It is a storyline that has been recycled time and time again. An unsuspecting main character has always felt “different” from his or her peers. It turns out he or she is not only different, but even more dramatically, “chosen.” The world needs saving, and it’s up to him or her to do it.
There’s no choice in the matter. The choosing has already been done.
Have you, as a reader, ever craved a realistic story that tells of completely random, ordinary people stepping up to do something amazing without being asked for a change? Maybe not. But it does seem like a nice alternative to the characters who become heroes just because they were apparently destined to be.
If you want to try something a little different with your next plot, here are some ways you can keep it exciting and mysterious without a “chosen one” leading the rest of the world to victory.
Solution 1: Make your plot realistic, yet adventurous
Anything can happen in your story—sometimes though, within reason. It’s the unexplainable events and circumstances that cause us to lean on plot elements like “chosen one” characters, who are often for some reason the only ones who can solve an ongoing problem. Try making your story as realistic as possible, but keep it moving. Send your characters on an adventure without forcing yourself to use unrealistic elements to move it along.
This is just a starting point, to help you practice keeping a storyline moving without unrealistic elements. If you’re writing in the fantasy genre, for example, those elements will always be there. But it’s important to learn not to rely on unexplainable things like magic to craft a decent story before you allow yourself to get comfortable using them wisely.
Solution 2: Give your ordinary characters an extraordinary goal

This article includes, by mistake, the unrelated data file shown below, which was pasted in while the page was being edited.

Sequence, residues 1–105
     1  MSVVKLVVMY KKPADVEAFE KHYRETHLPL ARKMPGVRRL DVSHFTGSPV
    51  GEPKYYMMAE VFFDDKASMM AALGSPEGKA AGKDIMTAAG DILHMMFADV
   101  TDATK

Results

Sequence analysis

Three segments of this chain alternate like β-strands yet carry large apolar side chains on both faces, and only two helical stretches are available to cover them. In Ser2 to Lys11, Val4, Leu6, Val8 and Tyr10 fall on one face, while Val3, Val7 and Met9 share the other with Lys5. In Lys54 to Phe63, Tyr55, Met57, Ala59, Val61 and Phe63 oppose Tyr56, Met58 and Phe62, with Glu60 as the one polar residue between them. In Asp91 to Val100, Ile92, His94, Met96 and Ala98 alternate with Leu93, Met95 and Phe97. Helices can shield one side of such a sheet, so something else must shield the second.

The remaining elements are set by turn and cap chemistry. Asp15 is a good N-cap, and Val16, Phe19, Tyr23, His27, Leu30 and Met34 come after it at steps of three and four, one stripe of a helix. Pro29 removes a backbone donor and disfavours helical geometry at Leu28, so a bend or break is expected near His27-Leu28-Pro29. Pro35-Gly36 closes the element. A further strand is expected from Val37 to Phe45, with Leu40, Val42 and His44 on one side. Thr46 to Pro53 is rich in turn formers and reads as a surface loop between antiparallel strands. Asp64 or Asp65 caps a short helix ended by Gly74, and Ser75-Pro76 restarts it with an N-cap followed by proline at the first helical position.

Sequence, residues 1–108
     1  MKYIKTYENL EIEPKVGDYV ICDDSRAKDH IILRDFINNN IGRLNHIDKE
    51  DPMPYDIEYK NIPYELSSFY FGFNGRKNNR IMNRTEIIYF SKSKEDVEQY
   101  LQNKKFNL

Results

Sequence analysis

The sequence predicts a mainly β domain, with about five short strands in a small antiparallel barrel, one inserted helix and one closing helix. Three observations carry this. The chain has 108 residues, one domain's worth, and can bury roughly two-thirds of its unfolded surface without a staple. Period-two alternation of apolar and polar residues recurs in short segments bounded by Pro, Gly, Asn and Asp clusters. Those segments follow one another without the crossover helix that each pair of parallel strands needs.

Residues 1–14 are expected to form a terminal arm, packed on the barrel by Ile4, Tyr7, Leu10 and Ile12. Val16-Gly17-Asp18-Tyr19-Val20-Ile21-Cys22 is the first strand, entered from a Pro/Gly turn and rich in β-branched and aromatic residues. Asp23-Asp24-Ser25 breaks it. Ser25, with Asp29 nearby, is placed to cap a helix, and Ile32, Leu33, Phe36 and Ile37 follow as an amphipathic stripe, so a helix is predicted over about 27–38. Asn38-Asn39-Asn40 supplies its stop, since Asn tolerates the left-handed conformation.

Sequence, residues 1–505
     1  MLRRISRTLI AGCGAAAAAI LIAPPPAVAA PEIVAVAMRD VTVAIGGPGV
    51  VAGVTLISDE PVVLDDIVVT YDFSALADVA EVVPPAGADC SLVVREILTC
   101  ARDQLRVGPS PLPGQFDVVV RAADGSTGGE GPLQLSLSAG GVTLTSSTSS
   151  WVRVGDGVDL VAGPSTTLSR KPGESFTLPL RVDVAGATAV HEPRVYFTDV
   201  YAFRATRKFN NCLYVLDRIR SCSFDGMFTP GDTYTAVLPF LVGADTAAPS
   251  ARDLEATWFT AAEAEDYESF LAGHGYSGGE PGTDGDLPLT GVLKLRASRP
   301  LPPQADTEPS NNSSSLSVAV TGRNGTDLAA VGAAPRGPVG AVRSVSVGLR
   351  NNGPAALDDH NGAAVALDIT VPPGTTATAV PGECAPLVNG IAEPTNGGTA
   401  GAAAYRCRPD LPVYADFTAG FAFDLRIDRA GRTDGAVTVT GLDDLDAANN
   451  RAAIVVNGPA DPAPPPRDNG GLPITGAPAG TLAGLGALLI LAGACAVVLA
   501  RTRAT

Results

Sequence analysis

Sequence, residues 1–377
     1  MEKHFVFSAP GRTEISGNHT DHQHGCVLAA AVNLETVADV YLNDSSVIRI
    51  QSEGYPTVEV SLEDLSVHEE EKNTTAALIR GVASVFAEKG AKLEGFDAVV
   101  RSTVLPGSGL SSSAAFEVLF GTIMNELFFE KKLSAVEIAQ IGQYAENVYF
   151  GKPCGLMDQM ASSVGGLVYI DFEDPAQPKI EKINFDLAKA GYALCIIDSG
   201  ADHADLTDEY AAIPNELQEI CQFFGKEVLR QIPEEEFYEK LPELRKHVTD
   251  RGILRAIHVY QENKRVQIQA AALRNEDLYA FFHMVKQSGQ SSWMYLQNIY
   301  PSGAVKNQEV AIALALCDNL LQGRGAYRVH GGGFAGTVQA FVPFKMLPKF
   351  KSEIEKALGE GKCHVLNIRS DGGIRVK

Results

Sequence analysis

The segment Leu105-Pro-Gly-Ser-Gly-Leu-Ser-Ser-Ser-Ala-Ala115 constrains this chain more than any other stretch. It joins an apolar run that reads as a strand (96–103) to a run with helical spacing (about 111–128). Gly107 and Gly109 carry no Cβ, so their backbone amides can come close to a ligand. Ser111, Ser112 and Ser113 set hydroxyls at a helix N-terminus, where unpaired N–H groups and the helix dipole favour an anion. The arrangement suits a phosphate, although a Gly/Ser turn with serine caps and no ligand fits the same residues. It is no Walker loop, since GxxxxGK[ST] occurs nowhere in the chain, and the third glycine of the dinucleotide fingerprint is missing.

In real life, everyone has different skills, weaknesses and strengths. While one person might be better at one particular skill than another, no person is exceptionally gifted at everything, which puts everyone on an equal playing field with equal chance of failure or success.
Apply the same principle to your storyline. Instead of giving one character all the credit, split different worthy skills between a group of characters and have them all contribute to achieving the same goal—one that, ideally, none of them could have achieved alone.
Solution 3: Get rid of the all-knowing character
A favorite form of info dump in sci-fi, fantasy and adventure stories is the all-knowing character. He or she seems to have all the answers to our main characters’ questions, including how they can conquer their obstacles (or at least give them subtle hints as to how to do so).
The best way to avoid this cliché is to make everyone equally clueless, even the third-person narrator. No one knows what the future holds or knew that the events that have occurred would happen before they happened. Leave out talk of prophesies. There will be characters who will know things your MC doesn’t, but even they should, in these circumstances, have limits to their overall spectrum of knowledge.
All this being said, there’s nothing wrong with “chosen ones.” We love them, and probably always will. But not every single story needs to have one. Think of The Hunger Games here. In the end, everyone had to work as a team to restore some kind of reasonable order between the districts. Katniss became the Mockingjay later on in the story because of choices she made, not choices made for her.
Give “the chosen one” storyline a rest. See what you can do without it before your brain comes up with a story that requires one (which does happen, and that’s okay). You might surprise yourself.
Image courtesy of Novelty Revisions.